Since the NFL lockout is coming to a head, we'll start moving on to important things... like football. One interesting thing to watch entering the 2011 NFL season for the Jacksonville Jaguars and the NFL as whole is how important Organized Team Activities (OTA's) are.
We've seen a lot of hand wringing from reporters and analysts about the loss of OTA's during the 2011 NFL Lockout, especially in the Jacksonville market. It's been oft talked about in Jacksonville because the Jaguars drafted Blaine Gabbert, a quarterback, in the first round. Typically when you draft a QB in the Top 10 of the first round, they're going to push for playing time. Jacksonville is in a position unlike most teams how do so however, in that they have a capable starter on the roster already.With the loss of OTA's, it's felt by most that Blaine Gabbert's ability to win the starting job before the September 11th opener against the Tennessee Titans is virtually impossible. While that discussion can be picked up at another time, a lot of the reasoning is due to the loss of "valuable" OTA's due to the lockout. Gabbert was able to get a playbook and chopped up film to go with it, as well as working with current quarterbacks David Garrard and Luke McCown. Most feel however, that the loss of the OTA's is virtually a death blow.
"We believe long term he has a chance to be special," head coach Jack Del Rio told Pete Prisco on 930 The Fox. "In the short term is it impacted? Absolutely it's impacted. I mean the guy who has the most to learn, the most to do, is the quarterback. Just think about going through the progress of the play, getting the play called at the line of scrimmage, making the adjustments, knowing your ‘hots', knowing your ‘cites', making sure everyone is lined up properly, making a ‘check' if there's another ‘check' that goes with the play," said Jack Del Rio.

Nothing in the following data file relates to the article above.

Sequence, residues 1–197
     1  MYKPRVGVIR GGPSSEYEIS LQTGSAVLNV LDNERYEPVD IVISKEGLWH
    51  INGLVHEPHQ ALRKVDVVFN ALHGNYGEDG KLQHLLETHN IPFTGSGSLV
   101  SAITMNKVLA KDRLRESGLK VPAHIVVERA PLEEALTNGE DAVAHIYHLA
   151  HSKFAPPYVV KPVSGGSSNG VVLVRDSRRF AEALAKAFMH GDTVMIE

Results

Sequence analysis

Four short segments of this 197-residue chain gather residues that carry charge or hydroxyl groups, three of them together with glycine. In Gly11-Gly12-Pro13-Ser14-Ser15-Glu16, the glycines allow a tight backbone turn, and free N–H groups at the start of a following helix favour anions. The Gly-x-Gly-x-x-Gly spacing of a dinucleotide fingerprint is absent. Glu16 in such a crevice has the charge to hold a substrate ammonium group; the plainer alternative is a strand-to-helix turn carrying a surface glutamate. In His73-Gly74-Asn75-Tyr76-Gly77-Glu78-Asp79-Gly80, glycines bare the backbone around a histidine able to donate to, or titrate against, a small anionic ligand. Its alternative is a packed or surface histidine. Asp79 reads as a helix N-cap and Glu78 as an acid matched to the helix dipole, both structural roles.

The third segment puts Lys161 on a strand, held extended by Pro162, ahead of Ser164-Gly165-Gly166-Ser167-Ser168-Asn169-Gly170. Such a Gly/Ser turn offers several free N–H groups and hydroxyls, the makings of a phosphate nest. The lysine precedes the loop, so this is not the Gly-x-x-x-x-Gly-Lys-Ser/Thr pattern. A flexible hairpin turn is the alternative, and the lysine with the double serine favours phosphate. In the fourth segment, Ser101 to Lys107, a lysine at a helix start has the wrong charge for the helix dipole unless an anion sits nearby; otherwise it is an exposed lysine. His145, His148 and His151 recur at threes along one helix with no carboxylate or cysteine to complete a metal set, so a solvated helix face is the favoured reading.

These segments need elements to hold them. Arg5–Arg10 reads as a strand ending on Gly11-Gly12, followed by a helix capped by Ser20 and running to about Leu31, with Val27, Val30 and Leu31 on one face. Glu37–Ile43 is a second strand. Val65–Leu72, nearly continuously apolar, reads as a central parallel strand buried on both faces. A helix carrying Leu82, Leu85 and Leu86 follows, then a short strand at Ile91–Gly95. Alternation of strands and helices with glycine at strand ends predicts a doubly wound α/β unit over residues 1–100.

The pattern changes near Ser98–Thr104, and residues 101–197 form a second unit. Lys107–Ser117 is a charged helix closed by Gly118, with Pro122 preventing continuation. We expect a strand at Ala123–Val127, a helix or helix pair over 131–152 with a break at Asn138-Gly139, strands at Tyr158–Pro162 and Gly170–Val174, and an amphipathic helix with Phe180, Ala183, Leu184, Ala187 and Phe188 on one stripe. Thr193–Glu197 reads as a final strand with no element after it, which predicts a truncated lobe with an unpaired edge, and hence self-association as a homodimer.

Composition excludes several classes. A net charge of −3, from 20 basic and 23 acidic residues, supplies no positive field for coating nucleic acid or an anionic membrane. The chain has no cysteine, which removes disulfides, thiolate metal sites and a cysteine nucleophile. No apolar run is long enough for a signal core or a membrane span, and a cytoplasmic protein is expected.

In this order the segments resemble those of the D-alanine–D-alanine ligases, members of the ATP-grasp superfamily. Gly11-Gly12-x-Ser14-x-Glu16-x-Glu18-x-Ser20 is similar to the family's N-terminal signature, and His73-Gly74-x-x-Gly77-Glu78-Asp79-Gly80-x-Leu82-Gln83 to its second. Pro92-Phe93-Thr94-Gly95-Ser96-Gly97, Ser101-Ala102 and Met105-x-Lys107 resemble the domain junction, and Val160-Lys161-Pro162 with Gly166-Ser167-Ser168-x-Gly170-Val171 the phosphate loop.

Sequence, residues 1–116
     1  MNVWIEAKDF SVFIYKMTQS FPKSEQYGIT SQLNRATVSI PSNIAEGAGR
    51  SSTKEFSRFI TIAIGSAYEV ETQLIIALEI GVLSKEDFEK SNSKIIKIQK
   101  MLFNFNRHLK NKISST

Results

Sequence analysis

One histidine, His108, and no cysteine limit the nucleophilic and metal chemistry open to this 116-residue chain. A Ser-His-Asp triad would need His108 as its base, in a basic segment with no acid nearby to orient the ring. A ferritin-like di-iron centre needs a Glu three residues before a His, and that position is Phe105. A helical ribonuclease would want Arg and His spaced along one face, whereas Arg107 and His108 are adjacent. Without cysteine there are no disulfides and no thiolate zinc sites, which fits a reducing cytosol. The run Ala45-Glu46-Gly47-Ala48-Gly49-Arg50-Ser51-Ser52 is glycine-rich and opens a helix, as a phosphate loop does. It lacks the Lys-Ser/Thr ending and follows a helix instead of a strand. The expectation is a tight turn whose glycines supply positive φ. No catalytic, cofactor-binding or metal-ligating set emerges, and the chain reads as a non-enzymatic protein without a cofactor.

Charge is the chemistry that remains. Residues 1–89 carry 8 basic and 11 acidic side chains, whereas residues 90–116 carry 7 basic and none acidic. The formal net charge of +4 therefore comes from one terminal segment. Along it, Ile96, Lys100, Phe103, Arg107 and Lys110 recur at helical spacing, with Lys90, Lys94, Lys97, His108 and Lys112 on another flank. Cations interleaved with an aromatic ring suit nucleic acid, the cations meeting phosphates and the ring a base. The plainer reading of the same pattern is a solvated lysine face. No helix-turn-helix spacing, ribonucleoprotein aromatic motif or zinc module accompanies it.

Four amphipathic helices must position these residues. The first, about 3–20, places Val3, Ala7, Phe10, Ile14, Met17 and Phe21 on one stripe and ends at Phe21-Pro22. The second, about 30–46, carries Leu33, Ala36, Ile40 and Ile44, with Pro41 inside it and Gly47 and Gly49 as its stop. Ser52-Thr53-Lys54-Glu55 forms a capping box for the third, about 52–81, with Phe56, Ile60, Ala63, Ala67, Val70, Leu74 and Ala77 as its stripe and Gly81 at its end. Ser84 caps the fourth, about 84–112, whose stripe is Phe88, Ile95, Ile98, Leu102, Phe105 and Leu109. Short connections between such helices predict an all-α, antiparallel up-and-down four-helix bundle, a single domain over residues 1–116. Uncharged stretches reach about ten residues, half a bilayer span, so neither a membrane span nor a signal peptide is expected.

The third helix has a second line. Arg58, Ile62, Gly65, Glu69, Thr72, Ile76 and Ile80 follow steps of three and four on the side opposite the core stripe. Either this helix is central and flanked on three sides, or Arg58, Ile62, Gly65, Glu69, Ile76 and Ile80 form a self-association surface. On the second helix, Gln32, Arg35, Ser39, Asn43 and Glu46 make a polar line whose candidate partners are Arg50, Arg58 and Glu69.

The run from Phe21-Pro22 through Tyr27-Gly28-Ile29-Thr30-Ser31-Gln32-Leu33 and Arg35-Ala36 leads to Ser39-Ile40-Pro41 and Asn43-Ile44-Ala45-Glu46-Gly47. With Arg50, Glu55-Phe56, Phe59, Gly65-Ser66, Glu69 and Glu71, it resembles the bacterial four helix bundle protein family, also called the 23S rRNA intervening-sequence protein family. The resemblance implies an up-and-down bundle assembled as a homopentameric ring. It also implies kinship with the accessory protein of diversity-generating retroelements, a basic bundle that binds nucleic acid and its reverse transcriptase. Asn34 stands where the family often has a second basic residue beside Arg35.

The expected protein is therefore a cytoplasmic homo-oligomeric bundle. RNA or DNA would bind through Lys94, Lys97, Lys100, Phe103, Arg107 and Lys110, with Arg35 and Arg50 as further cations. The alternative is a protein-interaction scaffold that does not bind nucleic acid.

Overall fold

Del Rio added, "It's very complex at our level and a lot goes into it. That's for every position. For the quarterback it is so much more. I think that's an awful lot to ask a young man to come in a couple of weeks and get it all and have it down pat. I think it takes a little time and certainly not having an off-season sets that process back."
What we get the chance to see in the next few weeks (barring a snag in the CBA) is just how much missing OTA's are an impact. Some may not realize it, but OTA's haven't always been a stable of the NFL offseason. Jimmy Johnson started them back when he was hired by the Dallas Cowboys and teams followed suit once the Cowboys started winning. It's a copycat league, so when one team sees something they think "works" they copy it. I don't think the Cowboys started rattling off Super Bowls because of OTA's, however.
We've been told in the past the OTA's aren't important and to not take too much away from "underwear" practice. Now, we're being told that missing OTA's is going to account for sloppy and poor NFL play early in the season. I think it lies in the happy medium. Rookies will find their heads swimming more so than usual early on in training camp, especially guys like Blaine Gabbert, but by the end of the preseason they should have the feel for what's going on. We'll see in the first week of training camp practice if handing Gabbert a playbook was likened to handing him a book written in Chinese, like Jack Del Rio said.
The lack of OTA's in the 2011 offseason and the results it provides during the season I believe will tell the future of OTA's, especially since one of the factors the NFLPA wants changed is the amount of practice time.